Weekly Parsha Review Laced with Humor and Sarcasm from The Oisvorfer Ruv

Achrei Mois 2024: The 5th Question

Raboyseyee and Ladies,

The 5th Question:

While the Ma Nishtana –the four questions- were being asked at the sedorim, the heylige  Ois was thinking about a fifth: Why is it that when one stays home for Pesach, one eats normal sized meals? It’s rare that we  ask for a second helping and especially so after stuffing our faces with copious amounts of matzo, morror, charoses and even hard-boiled eggs, all before the meal itself.  Ober, when one travels to a hotel, one feels compelled to eat a second, or even a third main, and those, typically after gorging on all else available.  Are we but chazerim without control over ourselves? Yes! Must we -because thousands are spent on flights and hotels- psychologically eat our monies worth?  Yes! Must we eat until we feel like vomiting and disgorging? Seemingly! And the question for this parsha is this: If we cannot control our food intake, how can we control other behaviors, if you chap? Especially that one? Not to worry: the RBSO has your back; more below.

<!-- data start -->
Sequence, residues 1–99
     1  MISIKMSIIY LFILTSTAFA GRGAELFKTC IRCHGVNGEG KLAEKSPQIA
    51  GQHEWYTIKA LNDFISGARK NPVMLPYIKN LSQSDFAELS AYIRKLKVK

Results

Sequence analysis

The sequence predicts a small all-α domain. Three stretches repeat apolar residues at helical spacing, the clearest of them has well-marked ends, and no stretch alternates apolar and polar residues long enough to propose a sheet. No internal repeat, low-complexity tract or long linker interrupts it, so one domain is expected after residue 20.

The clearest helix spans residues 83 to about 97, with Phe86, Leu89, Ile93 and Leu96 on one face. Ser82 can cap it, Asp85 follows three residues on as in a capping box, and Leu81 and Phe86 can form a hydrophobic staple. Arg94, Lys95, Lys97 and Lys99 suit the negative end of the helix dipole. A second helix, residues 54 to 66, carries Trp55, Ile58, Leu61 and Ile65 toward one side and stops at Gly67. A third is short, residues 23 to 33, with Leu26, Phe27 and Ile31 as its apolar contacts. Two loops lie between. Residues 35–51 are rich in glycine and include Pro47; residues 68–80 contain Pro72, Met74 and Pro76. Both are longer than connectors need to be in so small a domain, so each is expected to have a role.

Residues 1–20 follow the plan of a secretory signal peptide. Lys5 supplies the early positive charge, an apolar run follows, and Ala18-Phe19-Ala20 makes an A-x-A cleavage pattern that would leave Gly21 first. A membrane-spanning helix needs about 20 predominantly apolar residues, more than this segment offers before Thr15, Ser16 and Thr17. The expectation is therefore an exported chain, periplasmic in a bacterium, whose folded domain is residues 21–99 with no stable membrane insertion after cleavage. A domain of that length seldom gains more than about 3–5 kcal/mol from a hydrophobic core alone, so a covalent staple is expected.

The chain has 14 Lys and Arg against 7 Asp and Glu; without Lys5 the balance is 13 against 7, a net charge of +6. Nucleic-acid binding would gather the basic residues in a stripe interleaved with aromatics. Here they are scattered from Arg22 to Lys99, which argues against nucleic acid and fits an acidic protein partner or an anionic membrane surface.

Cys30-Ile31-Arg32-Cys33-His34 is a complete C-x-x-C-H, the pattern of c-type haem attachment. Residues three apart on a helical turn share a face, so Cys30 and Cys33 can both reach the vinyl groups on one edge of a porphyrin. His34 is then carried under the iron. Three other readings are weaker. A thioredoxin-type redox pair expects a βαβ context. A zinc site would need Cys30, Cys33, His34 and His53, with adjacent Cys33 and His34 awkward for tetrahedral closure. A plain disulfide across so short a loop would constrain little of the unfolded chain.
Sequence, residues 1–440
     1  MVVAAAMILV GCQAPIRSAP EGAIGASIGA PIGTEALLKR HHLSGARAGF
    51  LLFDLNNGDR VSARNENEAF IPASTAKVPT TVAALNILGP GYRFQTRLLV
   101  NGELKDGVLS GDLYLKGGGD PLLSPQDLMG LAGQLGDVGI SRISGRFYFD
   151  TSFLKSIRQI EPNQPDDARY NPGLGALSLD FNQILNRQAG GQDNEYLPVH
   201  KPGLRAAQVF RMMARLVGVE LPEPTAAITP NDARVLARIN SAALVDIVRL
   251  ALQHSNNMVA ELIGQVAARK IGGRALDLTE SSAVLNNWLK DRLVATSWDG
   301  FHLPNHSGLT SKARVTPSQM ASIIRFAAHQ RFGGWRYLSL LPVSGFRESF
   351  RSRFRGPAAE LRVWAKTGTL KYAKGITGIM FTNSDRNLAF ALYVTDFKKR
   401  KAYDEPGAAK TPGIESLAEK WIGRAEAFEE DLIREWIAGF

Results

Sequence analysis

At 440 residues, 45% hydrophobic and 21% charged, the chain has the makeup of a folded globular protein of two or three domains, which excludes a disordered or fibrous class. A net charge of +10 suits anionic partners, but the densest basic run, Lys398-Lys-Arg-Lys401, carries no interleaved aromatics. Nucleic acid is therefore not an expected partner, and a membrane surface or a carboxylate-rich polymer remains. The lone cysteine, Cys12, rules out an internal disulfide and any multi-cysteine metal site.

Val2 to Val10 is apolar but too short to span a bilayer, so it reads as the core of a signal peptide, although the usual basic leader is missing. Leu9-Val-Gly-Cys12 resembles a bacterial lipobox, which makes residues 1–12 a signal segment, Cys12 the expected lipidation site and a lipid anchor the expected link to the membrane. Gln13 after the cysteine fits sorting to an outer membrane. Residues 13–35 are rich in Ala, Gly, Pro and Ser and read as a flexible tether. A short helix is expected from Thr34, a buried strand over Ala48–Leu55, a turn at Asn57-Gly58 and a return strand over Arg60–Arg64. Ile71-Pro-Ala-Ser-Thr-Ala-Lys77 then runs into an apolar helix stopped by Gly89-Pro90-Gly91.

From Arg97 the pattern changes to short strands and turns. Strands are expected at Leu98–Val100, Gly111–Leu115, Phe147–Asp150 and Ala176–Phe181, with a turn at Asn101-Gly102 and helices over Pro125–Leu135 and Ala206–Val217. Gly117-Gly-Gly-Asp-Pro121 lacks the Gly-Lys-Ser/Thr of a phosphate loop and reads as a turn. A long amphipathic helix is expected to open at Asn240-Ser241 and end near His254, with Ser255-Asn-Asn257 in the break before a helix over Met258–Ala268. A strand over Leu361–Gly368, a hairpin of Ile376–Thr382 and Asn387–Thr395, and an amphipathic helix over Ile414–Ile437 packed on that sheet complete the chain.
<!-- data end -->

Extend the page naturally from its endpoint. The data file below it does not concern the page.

As an aside, at one seder attended by the heylige Ois five years ago, his hosts asked if I wanted potatoes or a banana to make a brocho over the karpas. A banana at the seder? Shoin, a new minhag may have been born and that raboyseyee, is efsher one of the more beautiful aspects of being religious and observing traditions. There is seemingly more than one way: we need to be tolerant and get used to this idea.

Ober, what have these questions to do with this week’s parsha of Achrei Mois which is mostly dedicated to the avoido (service) of Aharoin the koihen godol on Yom Kippur? Nu, it so happens that our parsha also discusses both vomiting, disgorgement, and as a special bonus -efsher to keep us engaged in the parsha otherwise dedicated to the work of the koihen godol, the RBSO made a hard stop and then went right into a litany of sexual relationships that He mamish abhors and therefore forbade. All this in our parsha? Indeed so, and let’s begin our 14th  review of this parsha by chazering the relevant pisukim. Says the heylige Toirah (Vayikra 18:25), azoy:

25.  And the land became defiled, and I visited its sin upon it, and the land vomited out its inhabitants.   כהוַתִּטְמָ֣א הָאָ֔רֶץ וָֽאֶפְקֹ֥ד עֲו‍ֹנָ֖הּ עָלֶ֑יהָ וַתָּקִ֥א הָאָ֖רֶץ אֶת־יֽשְׁבֶֽיהָ:


And says the heylige Toirah a few pisukim later (Vayikro 18: 28), azoy:

28.  And let the land not vomit you out for having defiled it, as it vomited out the nation that preceded you.   כחוְלֹֽא־תָקִ֤יא הָאָ֨רֶץ֙ אֶתְכֶ֔ם בְּטַמַּֽאֲכֶ֖ם אֹתָ֑הּ כַּֽאֲשֶׁ֥ר קָאָ֛ה אֶת־הַגּ֖וֹי אֲשֶׁ֥ר לִפְנֵיכֶֽם: